The highest bidders for the electricity distribution companies are due to be announced on October 16.

Okereke-Onyiuke blames CBN, SEC for capital market’s woes

It was another day of gross revelations at the House of Representatives ad-hoc Committee probe on the near collapse of the Capital Market, as the immediate past Director-General of the Nigerian Stock Exchange (NSE), Professor Ndidi Okereke-Onyiuke made her presentations.

According to her, the government regulators; the Central bank of Nigeria (CBN) and the Security and Exchange Commission (SEC), failed to provide any guide lines for margin loans which she said banks used to speculate on share prices.

“It was margin loans that led to the collapse of the Nigerian Stock Exchange, nothing more” she affirmed as she blamed the failure of the regulatory bodies to fulfill their responsibilities.

“Margin loans by themselves are not bad, because they help to create more liquidity in the market, globally. However, in the case of Nigeria, the banks gave out these loans indiscriminately, and in most cases insisted that such margin loans were used to purchase their own shares” she stated.

Professor Okereke-Onyiuke in her presentation, largely blamed the banks for solely being responsible for the collapse of the capital market as she accused the CBN and the SEC of failing to protect investors when margin loans were indiscriminately given out by commercial banks.

She noted that the CBN cordoned the banks establishment of several arms, such as their own registrars, which they will now use when they want to come to market for a public offer. “We opposed the banks using their own registrars whenever they come to the market for offers” she said.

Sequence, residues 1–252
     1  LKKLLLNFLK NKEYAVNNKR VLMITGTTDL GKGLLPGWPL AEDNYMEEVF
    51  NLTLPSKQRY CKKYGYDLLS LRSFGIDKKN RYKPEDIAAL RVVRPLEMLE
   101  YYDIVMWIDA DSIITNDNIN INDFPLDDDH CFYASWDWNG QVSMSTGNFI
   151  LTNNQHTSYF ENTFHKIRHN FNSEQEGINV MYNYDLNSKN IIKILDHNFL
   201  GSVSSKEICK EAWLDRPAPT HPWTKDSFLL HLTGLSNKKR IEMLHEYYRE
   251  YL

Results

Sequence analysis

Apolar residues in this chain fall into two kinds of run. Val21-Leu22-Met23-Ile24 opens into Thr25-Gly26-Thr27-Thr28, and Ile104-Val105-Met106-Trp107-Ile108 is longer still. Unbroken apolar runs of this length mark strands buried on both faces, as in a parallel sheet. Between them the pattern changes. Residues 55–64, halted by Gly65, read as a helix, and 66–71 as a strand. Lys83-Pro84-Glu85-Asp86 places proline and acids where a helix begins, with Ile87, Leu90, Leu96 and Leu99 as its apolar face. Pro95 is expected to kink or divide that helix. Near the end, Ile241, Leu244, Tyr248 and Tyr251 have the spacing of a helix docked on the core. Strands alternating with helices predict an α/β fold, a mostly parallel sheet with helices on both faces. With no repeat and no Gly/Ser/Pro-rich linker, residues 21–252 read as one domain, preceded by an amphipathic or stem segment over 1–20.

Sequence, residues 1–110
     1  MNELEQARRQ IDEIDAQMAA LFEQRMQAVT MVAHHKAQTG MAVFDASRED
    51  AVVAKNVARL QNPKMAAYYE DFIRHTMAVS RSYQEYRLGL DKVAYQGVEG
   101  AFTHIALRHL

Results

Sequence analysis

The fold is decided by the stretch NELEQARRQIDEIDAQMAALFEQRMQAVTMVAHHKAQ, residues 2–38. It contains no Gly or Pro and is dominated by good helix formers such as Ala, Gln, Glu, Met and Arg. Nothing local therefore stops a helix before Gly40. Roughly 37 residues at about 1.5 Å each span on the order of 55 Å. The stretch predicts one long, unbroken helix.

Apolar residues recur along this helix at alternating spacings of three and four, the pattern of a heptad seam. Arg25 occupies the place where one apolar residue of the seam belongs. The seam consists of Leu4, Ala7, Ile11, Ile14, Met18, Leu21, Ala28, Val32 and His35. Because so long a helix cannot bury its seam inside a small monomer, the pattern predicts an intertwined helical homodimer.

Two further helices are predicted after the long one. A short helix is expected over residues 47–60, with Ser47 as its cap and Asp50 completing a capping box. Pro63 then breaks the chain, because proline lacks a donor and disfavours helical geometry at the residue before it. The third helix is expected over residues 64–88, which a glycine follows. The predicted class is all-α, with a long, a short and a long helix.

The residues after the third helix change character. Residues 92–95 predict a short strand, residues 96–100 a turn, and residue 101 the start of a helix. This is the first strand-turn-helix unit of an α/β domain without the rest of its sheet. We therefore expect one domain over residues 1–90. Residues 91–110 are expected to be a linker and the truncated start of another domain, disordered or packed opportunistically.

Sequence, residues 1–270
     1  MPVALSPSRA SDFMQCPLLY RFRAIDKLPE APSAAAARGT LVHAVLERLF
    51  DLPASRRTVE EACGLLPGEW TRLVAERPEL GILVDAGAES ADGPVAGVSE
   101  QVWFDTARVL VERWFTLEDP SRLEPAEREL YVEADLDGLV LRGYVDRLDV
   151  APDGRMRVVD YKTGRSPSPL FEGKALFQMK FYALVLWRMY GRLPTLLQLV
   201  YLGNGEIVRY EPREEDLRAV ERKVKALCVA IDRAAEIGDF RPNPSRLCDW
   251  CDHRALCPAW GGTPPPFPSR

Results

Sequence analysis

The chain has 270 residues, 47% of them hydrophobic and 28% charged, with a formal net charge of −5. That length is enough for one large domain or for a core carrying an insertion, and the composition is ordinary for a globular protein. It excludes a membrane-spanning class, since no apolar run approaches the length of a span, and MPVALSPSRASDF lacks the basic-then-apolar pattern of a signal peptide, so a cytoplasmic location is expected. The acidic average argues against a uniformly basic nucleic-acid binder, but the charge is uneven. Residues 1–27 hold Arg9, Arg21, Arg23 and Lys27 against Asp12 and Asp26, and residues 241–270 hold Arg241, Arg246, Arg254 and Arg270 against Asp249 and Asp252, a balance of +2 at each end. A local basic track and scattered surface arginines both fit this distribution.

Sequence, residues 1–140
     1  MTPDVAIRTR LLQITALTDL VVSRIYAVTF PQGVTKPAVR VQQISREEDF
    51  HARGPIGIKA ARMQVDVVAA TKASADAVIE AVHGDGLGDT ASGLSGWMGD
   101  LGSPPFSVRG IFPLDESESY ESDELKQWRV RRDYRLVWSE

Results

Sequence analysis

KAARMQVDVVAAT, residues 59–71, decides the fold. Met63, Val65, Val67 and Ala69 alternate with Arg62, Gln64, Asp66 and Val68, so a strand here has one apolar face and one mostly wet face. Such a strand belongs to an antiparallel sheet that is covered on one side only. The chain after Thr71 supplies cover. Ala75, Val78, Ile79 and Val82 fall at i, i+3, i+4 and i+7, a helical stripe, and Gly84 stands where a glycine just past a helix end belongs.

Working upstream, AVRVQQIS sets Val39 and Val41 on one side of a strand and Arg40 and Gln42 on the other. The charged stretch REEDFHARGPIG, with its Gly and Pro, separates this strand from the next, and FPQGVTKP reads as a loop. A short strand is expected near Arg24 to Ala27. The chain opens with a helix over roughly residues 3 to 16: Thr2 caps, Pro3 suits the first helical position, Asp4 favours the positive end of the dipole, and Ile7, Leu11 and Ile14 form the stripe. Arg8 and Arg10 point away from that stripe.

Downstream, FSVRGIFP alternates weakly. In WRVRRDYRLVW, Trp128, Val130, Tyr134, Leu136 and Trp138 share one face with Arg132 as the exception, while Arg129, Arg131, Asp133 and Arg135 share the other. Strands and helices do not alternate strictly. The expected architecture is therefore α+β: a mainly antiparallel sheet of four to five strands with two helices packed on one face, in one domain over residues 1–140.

She also accused the SEC, of illegally collecting money from the stock exchange and market brokers to fund its regulatory activities.

Responding to the allegations levelled against the council of the NSE on Monday by SEC’s DG, Dr Arunma Oteh, that the council spent N138 million on wrist watches and N39 million on yachts, Professor Okereke-Onyiuke, stated that it is unfair for the SEC to accuse the NSE of mismanaging its finances when the SEC was one of the beneficiaries.

CSCS and Abuja stock exchange

Other revelations made by Professor Okereke-Onyiuke during the question and answer session of the probe were that she’s now been summoned to help re-organise the failed Abuja Stock Exchange and Commodities Market.

Responding to a question from the probe panel chairman on her alleged overbearing influence on the stock market, which led to the collapse of the Abuja Stock Exchange, she stated that she was never opposed to the establishment of another stock exchange in Nigeria.”It was I and the council of the NSE, that recommended that the commodities market should be included at the Abuja exchange, because we need a commodities market in this country.”